Back in 2014, church leaders at St. Rita of Cascia, on South Broad just below Washington Avenue, unveiled a proposal for a new conference center building on the large vacant lot next to the historic church. To the consternation of the South Broad Street Neighborhood Association, the proposed new Cascia Center was a low-slung prefab shed-like structure, not particularly complementing its neighbor.
In a column at the time, Inga Saffron called the building rendering, designed by Strada Architecture, “one step up from a tent” and said it was unworthy of standing next to the landmark, which houses a world-renowned Catholic shrine. She called on St. Rita’s to go back to the drawing board, and find a partner who could design something more appropriate to the site.
St. Rita is the patron saint of conflict resolution, so it was fitting that Fr. Joseph Genito was amenable to finding a solution that could please everyone. The story left off with Genito opening a dialogue with Gary Jastrzab, executive director of the Planning Commission, to find a potential partner, but there haven’t been any public updates since 2014.
Fast forward to 2016, and there is a new plan for the lot.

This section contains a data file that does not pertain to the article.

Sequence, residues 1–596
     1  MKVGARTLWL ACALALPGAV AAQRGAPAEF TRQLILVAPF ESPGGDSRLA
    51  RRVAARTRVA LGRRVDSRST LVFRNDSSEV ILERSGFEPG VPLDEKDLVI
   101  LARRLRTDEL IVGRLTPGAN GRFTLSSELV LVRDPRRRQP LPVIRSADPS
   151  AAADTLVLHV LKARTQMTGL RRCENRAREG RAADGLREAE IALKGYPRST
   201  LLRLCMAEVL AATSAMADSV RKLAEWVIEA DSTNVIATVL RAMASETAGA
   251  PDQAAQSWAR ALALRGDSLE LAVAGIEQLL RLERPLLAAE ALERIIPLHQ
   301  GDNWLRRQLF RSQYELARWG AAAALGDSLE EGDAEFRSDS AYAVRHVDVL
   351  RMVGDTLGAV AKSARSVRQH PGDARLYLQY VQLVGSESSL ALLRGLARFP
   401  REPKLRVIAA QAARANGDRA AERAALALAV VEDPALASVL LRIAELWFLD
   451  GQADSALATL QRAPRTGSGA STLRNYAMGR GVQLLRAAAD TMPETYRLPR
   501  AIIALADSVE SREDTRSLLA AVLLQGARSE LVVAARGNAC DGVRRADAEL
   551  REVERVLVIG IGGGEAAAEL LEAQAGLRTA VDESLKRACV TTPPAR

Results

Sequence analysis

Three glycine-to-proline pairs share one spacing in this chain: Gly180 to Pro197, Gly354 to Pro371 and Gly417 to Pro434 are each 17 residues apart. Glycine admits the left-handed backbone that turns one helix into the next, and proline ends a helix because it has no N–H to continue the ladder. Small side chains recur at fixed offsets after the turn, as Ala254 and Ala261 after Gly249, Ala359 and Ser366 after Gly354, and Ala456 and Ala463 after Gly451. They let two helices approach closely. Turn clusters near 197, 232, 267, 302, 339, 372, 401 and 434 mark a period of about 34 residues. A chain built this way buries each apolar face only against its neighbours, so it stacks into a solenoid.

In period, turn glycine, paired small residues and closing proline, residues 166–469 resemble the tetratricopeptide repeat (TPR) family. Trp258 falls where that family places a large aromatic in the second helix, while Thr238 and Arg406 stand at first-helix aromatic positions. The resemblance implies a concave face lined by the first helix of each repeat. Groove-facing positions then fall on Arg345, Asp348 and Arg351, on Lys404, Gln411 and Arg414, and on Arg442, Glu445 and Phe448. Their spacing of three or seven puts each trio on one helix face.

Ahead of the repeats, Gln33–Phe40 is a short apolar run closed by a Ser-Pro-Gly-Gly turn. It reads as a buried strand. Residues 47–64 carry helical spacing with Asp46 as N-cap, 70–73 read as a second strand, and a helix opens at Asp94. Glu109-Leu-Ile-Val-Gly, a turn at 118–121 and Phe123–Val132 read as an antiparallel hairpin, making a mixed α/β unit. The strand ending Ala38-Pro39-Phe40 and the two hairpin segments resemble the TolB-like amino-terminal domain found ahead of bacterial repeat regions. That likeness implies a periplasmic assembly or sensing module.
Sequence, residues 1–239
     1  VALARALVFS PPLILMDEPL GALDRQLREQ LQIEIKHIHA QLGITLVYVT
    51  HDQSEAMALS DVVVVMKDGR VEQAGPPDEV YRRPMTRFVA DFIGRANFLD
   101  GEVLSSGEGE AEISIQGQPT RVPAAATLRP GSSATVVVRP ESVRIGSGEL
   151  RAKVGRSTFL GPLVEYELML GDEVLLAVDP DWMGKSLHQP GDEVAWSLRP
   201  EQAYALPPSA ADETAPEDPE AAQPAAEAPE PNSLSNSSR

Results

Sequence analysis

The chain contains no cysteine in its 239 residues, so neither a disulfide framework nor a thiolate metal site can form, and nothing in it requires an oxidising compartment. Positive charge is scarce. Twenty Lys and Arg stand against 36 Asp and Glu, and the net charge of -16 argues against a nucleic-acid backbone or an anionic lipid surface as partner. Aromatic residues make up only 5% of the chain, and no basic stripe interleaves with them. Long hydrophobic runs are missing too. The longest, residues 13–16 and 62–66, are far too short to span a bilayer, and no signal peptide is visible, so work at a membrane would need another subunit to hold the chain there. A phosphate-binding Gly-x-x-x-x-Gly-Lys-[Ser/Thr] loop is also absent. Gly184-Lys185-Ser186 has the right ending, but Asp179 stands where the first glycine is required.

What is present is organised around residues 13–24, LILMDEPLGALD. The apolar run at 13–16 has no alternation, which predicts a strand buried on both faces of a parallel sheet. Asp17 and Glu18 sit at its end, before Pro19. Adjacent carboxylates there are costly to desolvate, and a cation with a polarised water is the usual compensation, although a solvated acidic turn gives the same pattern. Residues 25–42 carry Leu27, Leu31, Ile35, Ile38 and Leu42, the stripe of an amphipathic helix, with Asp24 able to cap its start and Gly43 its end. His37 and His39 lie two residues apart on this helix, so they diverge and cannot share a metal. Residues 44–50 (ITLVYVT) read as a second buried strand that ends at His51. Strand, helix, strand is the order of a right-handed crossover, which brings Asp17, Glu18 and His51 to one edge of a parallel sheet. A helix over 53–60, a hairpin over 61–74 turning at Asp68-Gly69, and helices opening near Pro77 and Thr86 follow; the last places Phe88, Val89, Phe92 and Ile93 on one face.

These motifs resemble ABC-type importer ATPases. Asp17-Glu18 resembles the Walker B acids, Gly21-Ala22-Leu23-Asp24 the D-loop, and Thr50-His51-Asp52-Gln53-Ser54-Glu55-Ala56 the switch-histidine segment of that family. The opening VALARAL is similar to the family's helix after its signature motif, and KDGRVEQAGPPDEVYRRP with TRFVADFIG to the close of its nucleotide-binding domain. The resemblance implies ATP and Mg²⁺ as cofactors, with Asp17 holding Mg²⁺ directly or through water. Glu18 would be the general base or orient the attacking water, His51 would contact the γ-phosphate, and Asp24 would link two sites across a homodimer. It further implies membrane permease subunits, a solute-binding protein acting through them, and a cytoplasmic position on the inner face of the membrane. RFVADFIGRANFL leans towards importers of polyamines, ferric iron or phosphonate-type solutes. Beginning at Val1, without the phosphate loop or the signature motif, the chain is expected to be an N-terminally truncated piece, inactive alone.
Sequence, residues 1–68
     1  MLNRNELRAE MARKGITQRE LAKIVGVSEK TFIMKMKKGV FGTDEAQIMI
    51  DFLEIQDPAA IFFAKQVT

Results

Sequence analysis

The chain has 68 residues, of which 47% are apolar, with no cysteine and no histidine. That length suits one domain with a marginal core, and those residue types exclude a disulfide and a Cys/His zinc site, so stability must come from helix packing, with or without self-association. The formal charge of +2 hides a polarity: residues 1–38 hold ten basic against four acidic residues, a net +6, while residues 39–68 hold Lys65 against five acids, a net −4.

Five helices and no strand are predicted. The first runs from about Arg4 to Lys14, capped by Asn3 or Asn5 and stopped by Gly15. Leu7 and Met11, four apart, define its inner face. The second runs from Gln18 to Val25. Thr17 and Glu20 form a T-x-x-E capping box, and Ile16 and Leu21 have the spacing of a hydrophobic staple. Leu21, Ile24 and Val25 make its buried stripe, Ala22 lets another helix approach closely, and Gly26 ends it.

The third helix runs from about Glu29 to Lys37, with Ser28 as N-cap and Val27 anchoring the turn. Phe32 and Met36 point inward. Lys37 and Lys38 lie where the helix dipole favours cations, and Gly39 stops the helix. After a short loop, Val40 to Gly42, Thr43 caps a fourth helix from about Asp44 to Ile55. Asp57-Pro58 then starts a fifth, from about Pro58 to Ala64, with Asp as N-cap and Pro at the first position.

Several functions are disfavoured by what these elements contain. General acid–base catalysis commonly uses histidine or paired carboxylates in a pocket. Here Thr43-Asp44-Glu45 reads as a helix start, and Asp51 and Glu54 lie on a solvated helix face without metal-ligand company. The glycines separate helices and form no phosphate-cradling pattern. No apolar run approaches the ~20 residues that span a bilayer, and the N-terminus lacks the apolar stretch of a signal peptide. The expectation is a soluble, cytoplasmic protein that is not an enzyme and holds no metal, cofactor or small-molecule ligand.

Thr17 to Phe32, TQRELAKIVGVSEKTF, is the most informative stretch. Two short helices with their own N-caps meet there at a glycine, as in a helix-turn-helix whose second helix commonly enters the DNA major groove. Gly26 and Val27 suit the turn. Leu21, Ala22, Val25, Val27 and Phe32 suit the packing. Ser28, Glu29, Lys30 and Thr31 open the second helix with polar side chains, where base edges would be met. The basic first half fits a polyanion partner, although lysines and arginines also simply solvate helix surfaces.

At the Tuesday night meeting of South Broad Street Neighborhood Association’s zoning committee, architect Cecil Baker reprised his role as architect-to-the-rescue, presenting a preliminary review of new conceptual renderings for the site–a 62-unit senior housing facility with a ground-floor conference space for the new Cascia Center. (The meeting space inside St. Rita’s is currently called the Cascia Center, but that name would migrate to the new space.)
The developer on the project is Catholic Health Care Services (CHCS), whose other recent projects include the St. Monica Center at 4th and Shunk, and St. Francis Villa in Kensington. Prior to 2014, Catholic Health Care Services was the largest provider of nonprofit nursing care in Pennsylvania, said John Wagner, director of project development for CHS, but they’ve since sold many of their nursing homes and turned their attention to providing housing for seniors across the Archdiocese.
CHCS isn’t seeking a zoning variance yet, Wagner explained. They understand from the previous experience that this is a sensitive site, so they’re talking with neighbors before proceeding with a formal zoning variance application.
The 16,000 square foot lot is zoned RSA-5 for single-family residential, so CHCS will be seeking variances for height, use, and the number of units. The ground floor would house the Cascia Center, and there would be five stories of residential overhead. They are proposing 62 one-bedroom units, each around 600 square feet, with a full kitchen and appliances. Each floor would have a lounge area overlooking a new courtyard between the new building and the church. Residents would access the building through a private entrance at the end of the courtyard.
There are no parking spaces required in the RSA-5 zone, but plans include 8 parking spaces behind the building for the 10,000 square foot conference space.
The new building would almost match the height of St. Rita’s, but Baker said he designed it specifically to complement the iconic landmark.